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Local Water Warriors team up for Ian victims, ecosystems

Mark Parker

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Members of the Water Warrior Alliance participate in a St. Petersburg Ocean Sweep Trash Collection Tournament. Photos provided.

A burgeoning national beverage company is boosting a local nonprofit’s unique recovery and restoration efforts in the wake of Hurricane Ian.

Charleston-based Island Brands USA, a lifestyle beverage company that offers premium beer, craft spirits and ready-to-drink cocktails, recently announced it is donating 1% of its Florida sales revenue to St. Petersburg’s Water Warrior Alliance (WWA).

The Alliance utilizes a network of debris divers to improve ecosystems and collect critical marine data and is active in communities from Tampa Bay to the Florida Keys. For the last month, the nonprofit and its founder, Jenna Byrne, have focused on helping people and waterways devastated by Hurricane Ian.

“Eighty percent of debris that hits the waterway sinks, and wind-driven debris is the number one way trash goes in the water,” said Byrne.

“So, if you take those two facts and put them together, any local shoreline there is going to be overwhelmed with debris that’s contaminating the water.”

That contamination is apparent from space, as satellite imagery has highlighted the massive amount of debris-filled storm runoff that drained into the Gulf of Mexico following the storm. The University of South Florida and Florida Fish and Wildlife Conservation’s (FWC) collaborative red tide maps have subsequently shown high levels of Karenia brevis, the organism that causes red tide, from Lee County to the mouth of Tampa Bay in the following weeks.

A satellite photo shows contaminated runoff from Hurricane Ian entering the Gulf of Mexico. Photo courtesy of the NASA Earth Observatory.

In addition to diving for debris and collecting water samples, Byrne deploys Water Goats around stormwater outfalls to collect trash before it enters delicate ecosystems. The system consists of floating surface nets that trap litter, and Byrne said her team designed a couple that mitigates red tide.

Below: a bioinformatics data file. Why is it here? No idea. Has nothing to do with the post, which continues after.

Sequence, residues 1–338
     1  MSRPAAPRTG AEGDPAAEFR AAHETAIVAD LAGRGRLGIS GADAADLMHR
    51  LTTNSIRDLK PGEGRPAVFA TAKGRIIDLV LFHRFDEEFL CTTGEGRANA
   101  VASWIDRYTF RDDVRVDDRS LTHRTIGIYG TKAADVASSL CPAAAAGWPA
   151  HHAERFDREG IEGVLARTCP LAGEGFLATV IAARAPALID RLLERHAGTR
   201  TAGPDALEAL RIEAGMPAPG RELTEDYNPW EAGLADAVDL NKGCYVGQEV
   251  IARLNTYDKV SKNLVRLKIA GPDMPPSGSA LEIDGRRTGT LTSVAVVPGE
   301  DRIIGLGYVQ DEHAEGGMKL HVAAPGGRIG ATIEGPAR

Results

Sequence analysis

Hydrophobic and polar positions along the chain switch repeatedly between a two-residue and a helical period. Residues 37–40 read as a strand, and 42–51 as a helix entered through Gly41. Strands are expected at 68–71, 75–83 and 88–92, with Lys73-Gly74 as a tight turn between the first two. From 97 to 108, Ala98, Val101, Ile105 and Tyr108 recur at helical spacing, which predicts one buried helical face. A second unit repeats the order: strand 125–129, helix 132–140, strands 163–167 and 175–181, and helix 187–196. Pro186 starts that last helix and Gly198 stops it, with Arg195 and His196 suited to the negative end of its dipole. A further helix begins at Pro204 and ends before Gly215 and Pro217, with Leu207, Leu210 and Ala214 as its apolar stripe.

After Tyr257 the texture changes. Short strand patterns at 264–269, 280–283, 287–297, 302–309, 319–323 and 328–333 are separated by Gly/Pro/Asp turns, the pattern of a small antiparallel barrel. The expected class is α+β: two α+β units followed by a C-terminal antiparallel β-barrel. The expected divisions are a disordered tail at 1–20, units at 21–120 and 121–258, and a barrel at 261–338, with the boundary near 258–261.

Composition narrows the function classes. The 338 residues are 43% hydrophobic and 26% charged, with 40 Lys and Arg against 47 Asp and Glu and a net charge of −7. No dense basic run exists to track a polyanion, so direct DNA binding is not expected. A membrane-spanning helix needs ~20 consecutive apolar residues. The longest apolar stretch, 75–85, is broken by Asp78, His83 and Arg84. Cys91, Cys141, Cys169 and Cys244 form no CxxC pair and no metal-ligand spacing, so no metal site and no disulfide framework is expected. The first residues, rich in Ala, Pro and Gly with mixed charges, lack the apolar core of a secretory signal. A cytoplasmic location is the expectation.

However, Byrne noted WWA is a small organization and said Island Brands’ support helps “turbocharge” cleanup efforts and supply food and necessities to people facing a long road to recovery.

She is well aware of how long it can take for people affected by a devastating storm to regain a sense of normalcy. A Florida native, Byrne also lived in Louisiana following Hurricane Katrina.

While there, someone introduced her to a cavitation cleaner, a technological system that separates barnacles from the bottoms of boats without releasing paint filled with heavy metals. That led Byrne to begin testing water samples for those toxic metals.

“And I ended up finding tons of microplastics and junk,” she said. “So, instead of doing more citizen science reporting like a lot of my partners had already been doing, I decided to take action and remove marine debris.”

Byrne deploys Water Goats around stormwater outfalls to collect trash before it enters delicate ecosystems.

Byrne returned to St. Petersburg and launched WWA in February 2017. The Alliance now includes entities like Keep Pinellas Beautiful, Tampa Bay Estuary Program and the Cities of St. Petersburg and Madeira Beach.

The organization, explained Byrne, takes a multifaceted approach to debris removal. She often hosts debris diving events modeled after fishing tournaments.

“Depending on the region we’re at, we actually source a local artist with those,” she added. “Because we upcycle all of our debris, and so an artist tells us what kind of materials they need for a sculpture or display. After each tournament … we install a cool art piece, which is fun.”

Byrne relayed that proceeds from the tournaments benefit WWA’s children’s programming and camps.

She said there are at least another six months of trash removal in those areas, and noted people in Louisiana lived in Federal Emergency Management Agency (FEMA) trailers for years after Hurricane Katrina. In addition to marine cleanups, Byrne has organized food drives and fundraisers to help support her neighbors to the south – many who rely on the local marine economy and several she calls partners.

Byrne explained that proceeds from Island Brands, recently recognized by the Inc. as one of the fastest-growing private companies in the U.S., will support those efforts and an area Ocean Sweep Trash Collection Tournament in the spring. She said that the partnership stems from the two organizations’ involvement in the 1% for the Planet program, where companies pledge to donate at least 1% of annual sales to environmental causes.

“We first brewed up the idea for Island Brands during a trip to Key West,” said Scott Hansen, co-founder and CEO, in a statement. “Florida is near and dear to our hearts. Giving back to help residents and communities affected by Hurricane Ian was a no-brainer to us.”

A volunteer diver shows off debris she recovered in along the coast of St. Pete.

WWA, said Byrne, was one of the Florida groups that aligned with the company’s mission and brand, and they began formulating a partnership over the last month. She expressed her gratitude for the support needed to increase the nonprofit’s impact.

The tourism and hospitality industry, noted Byrne, is decimated along the Southwest Florida coast. She plans to work with as many local groups as possible to help restore those residents’ livelihoods.

“Because they would do the same for us,” added Byrne. “The Gulf Coast has to stay together. We are all like-minded individuals here; we love our state.”

 

 

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